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RacePanel series with Mark Chisnell: Part 1

Not just a simple software upgrade, more like a whole new era – B&G brings America’s Cup-level tactical software to the not-so-humble chart plotter

Tactical software on your chartplotter

Every industry has it pioneers, and in the annals of marine electronics Dr Graeme Winn is one of them. Back in the 1980s, there were just a few brave souls prepared to wire up very expensive Apple personal computers to a bank of car batteries in the bowels of a racing yacht, and then (somewhat hopefully) push off from the dock.

Dr Winn was one of them and in time, his work with the Victory syndicate at the 1983 America’s Cup developed into the Sailmath Deckman – a custom built tactical racing computer weighing in at just… 6kgs. Ah, those were the days. Dr Winn was originally a statistician and a programmer, and the clever part of what he did was in the maths; the calculations that determined the answers to all the questions that navigators and tacticians might ask during a race.


He had some smart and original solutions in the way he approached the problems and answers and, by the 1990s, later generations of the Deckman and its sister WTP instrument processor had come to dominate much of the international yacht racing circuit. For a while, there was scarcely an America’s Cup, Whitbread, or Admiral’s Cup racer that didn’t carry one or more of Dr Winn’s Sailmath machines alongside a range of B&G sensors and displays.

The hardware that carried the computer code was largely incidental: it just had to be light, powerful and waterproof. Well, actually, ‘just’ is the wrong word. The first Deckman required a machine to be custom built, right down to the moulded, O-ring’d aluminium casing. Ironically, it made the clever part of the machine – the programming – much more expensive than it might have been if sold as software alone. And it made the product inaccessible to all but the very top of the sailboat racing world.

Dr Winn quickly realised that building custom hardware for such a small specialist area was not the way forward, and when viable third party products started to appear on the market they were quickly pressed into service. Over the next 25 years all sorts of hardware was co-opted to run what became Deckman for Windows – most notably laptops hooked up to the trusty Panasonic Toughbook screens – until we reach the present era of iPads and notebooks.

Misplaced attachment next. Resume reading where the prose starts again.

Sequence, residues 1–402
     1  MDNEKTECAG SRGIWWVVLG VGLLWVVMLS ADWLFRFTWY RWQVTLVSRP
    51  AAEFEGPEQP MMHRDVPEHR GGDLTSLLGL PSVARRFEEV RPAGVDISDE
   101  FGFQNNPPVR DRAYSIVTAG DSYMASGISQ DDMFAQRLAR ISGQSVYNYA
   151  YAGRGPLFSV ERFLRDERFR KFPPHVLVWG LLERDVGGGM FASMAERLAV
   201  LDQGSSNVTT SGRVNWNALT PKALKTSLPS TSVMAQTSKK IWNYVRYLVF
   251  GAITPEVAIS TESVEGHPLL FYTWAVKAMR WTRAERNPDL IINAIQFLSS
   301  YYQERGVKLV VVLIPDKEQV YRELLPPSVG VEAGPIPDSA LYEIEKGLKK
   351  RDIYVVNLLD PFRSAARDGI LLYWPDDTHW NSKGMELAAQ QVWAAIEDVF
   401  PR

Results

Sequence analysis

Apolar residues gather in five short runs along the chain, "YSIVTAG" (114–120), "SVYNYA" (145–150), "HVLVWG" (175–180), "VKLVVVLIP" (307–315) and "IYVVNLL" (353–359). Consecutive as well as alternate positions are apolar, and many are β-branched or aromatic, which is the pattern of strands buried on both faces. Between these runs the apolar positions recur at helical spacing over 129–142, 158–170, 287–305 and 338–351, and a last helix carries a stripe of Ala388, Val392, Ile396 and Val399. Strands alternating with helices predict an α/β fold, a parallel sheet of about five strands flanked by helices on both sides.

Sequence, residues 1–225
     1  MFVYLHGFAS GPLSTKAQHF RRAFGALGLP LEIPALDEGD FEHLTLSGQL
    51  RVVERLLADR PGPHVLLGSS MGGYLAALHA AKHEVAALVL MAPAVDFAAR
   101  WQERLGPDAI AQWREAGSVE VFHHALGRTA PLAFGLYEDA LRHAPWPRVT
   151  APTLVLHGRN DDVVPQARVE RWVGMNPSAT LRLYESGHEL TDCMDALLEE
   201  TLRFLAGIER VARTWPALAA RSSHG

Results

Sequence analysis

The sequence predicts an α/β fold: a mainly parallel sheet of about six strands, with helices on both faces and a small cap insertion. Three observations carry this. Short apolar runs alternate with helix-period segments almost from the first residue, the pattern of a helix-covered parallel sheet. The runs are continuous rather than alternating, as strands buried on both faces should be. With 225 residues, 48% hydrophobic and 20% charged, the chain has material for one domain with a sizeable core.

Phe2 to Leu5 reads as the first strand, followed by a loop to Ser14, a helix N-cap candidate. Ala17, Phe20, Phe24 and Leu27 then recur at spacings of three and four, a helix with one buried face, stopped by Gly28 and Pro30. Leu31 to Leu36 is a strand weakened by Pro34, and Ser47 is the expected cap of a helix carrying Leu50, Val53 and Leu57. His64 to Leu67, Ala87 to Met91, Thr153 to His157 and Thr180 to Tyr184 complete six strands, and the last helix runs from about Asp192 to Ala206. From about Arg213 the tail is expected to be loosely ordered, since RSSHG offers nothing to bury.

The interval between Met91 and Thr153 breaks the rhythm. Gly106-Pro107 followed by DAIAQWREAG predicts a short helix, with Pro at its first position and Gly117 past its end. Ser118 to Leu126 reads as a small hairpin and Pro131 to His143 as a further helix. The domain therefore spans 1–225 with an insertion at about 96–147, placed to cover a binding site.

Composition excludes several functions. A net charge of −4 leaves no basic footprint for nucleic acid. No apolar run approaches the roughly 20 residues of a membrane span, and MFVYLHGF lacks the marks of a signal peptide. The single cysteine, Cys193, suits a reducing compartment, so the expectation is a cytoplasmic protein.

It's all about the software

Now, the era of bodging together hardware solutions to run tactical navigation software is at an end. And the reason is Navico. The Navico group is the world’s largest marine electronics company, and it is parent to B&G and other leading marine brands. By utilising the same core hardware across all its brands, Navico can make custom products for the marine user at a very affordable price – the efficiencies and savings of scale properly applied to the marine market.

The centralised provision of the design and manufacture of world class hardware for the individual Navico group brands, also means that the engineers and technical specialists at the individual companies can go back to their core skill sets – writing software and apps that precisely meet the needs of their customers. And as Dr Winn would tell you, 90% of it is about the software.

Dr Winn's legacy

When he moved onto other things early in the new millennium, Dr Winn had handed over responsibility for the Sailmath products to B&G. The leading edge of sailing had got more and more professional. America’s Cup teams had returned to custom-built and specified systems to meet their increasingly complex needs for arrays of sensors.

In the Sailmath portfolio, B&G saw the opportunity to bring the technology – in a more accessible form – to everyone else. So for the last decade, the complex Deckman calculations and computer code have been working their way into a widening product range. Now, Dr Winn’s maths – with its America’s Cup algorithms and formulations – is at the heart of every wind direction and wind speed presented by a B&G sailboat instrument system. What similar product range can boast a pedigree like that?

It’s the legacy of Dr Winn’s programming that is now at the heart of B&G’s Zeus and Vulcan sailing chartplotters. 

What's included?

Since 2015, the software in B&G's Zeus and Vulcan chartplotters has included several of the core tactical and navigational functions previously only available to customers of top of the range tactical packages like Deckman. It includes the Start Display with essential calculations like time and distance to the line, overlaid on a race area chart or a gridded, scaled start screen.

New course setting functionality is also available to make it much easier and faster to set all types of race courses into the plotter, but particularly windward/leeward courses, setting marks with a range and bearing. And finally, it contains the ‘What If?’ calculation capacity that is essential to top-flight tactics and navigation.

In the next three articles we will look at all these aspects in more detail, and see just how this software makes your Zeus or Vulcan series chart plotter much more than just a chart plotter.

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